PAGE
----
Potato field being irrigated© Tim Scrivener

Potato and vegetable growers are being urged to take part in a crucial AHDB water use survey to generate robust data showing how they could be affected by forthcoming changes in water abstraction rules for crop irrigation.

With changes due to be implemented over the next four years, AHDB’s Horticulture and Potato divisions are concerned that growers may not have access to sufficient water in some areas to maintain and grow their businesses.

The levy board points to recent NFU research in the Cam and Ely Ouse river catchment which concluded the financial value of irrigation for potato and vegetable production was £91m, with £40m attributed to groundwater. The report concludes time-limited abstraction licences could mean growers scaling back production considerably.

See also: Farmers face ‘wake-up call’ on irrigation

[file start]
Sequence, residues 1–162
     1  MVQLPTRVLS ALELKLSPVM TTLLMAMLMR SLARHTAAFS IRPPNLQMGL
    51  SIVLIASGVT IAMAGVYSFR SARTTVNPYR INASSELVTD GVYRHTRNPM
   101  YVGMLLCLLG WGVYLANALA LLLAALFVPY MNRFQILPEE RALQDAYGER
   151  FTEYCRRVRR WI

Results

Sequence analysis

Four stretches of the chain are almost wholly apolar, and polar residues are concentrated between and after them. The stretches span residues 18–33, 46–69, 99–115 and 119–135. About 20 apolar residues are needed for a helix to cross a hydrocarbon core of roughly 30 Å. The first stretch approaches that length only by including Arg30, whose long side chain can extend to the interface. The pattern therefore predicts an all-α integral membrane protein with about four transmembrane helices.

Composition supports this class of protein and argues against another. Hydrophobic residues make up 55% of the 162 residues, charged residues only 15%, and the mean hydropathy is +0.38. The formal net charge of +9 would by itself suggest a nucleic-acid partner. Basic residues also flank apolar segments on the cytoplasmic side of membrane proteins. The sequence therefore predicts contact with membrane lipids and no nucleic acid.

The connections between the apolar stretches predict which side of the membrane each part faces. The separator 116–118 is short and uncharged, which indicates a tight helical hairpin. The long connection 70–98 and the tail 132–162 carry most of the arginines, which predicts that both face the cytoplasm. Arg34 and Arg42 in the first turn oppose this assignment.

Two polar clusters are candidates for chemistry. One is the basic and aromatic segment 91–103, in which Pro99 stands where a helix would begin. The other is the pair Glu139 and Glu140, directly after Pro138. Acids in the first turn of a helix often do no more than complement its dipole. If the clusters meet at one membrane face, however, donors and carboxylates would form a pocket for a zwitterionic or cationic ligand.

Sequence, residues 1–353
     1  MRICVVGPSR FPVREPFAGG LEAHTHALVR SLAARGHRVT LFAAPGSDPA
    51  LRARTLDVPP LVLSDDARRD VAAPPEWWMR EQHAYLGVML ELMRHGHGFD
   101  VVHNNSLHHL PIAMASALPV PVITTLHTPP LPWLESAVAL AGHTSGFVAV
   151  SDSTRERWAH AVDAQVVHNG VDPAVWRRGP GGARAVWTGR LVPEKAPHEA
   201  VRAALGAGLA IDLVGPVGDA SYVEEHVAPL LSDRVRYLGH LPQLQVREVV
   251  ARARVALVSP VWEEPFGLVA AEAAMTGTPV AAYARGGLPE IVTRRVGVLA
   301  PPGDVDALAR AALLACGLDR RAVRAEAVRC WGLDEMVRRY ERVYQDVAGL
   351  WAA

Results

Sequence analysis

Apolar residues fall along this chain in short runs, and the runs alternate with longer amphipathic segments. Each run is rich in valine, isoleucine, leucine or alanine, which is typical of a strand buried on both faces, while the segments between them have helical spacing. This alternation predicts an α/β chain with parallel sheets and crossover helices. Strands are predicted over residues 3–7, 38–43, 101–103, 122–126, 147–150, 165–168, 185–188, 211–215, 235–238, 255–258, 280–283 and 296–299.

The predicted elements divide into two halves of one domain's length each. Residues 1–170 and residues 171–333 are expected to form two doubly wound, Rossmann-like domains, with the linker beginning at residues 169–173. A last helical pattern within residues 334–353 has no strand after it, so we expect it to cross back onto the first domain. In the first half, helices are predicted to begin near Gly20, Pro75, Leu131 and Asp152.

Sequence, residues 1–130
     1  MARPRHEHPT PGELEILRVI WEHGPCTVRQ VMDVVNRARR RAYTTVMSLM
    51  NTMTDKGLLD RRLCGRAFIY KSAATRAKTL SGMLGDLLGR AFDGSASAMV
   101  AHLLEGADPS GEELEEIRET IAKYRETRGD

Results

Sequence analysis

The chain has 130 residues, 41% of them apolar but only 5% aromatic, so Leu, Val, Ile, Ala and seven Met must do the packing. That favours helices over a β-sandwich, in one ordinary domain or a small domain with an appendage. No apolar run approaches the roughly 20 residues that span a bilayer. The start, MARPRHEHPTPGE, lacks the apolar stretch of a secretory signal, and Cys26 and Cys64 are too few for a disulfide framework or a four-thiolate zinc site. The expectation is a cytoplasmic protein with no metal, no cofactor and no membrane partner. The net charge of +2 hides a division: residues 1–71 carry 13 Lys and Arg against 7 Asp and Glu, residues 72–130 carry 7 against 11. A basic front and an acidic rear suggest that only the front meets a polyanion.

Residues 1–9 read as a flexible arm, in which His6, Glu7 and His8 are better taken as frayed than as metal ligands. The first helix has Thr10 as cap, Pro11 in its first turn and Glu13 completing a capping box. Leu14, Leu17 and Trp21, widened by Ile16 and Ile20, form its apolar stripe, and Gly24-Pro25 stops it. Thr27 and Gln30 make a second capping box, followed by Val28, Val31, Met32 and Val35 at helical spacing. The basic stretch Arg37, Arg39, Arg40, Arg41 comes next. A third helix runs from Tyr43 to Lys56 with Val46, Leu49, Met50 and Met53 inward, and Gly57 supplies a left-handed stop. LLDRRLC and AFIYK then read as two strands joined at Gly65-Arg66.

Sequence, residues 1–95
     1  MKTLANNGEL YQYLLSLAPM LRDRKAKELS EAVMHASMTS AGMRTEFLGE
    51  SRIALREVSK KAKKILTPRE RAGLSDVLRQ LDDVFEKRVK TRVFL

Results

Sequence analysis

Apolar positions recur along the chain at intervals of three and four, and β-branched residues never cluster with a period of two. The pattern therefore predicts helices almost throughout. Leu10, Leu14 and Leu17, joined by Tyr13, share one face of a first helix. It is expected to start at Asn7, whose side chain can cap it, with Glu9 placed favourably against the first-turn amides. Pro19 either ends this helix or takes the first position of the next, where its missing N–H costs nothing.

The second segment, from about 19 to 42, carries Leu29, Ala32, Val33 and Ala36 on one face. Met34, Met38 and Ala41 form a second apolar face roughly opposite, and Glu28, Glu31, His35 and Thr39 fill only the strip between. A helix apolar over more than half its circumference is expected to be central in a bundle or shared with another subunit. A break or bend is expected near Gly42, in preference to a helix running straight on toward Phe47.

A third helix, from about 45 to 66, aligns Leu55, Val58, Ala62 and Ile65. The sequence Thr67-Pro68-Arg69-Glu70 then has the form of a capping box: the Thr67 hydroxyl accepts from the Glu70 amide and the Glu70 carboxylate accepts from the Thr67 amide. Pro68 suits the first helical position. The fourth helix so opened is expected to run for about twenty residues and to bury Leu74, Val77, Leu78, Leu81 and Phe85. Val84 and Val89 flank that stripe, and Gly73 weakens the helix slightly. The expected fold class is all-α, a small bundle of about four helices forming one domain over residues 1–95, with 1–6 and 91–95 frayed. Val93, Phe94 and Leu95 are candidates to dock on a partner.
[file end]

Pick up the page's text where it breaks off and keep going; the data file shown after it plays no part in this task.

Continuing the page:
“There is still an opportunity for the industry to inform policy, and the way it is implemented, to secure adequate water supplies,” says AHDB Potatoes board member and Suffolk potato and vegetable grower Bruce Kerr.

“However, the current lack of reliable data about water use is hampering the industry’s ability to provide sufficient evidence for policymakers.”

Water is vital to agriculture with the potato and horticultural sectors having the highest requirements, as irrigation is key to achieving the necessary yield and quality standards to satisfy retailer specifications. 

“Field vegetables and potatoes are where future legislation could have the most direct impact on business viability,” says Mr Kerr. “It is vital we generate detailed data that reflects the wide range of crops, business types, geographical locations and ways of obtaining water. By building as clear an understanding as possible of our water use, this AHDB survey aims to provide an evidence base.” 

The AHDB survey will roll out in January and February 2016, with growers contacted directly in the coming weeks by Ricardo Energy & Environment – a global sustainability consultancy which is carrying out the survey. An online survey will also go live in late January.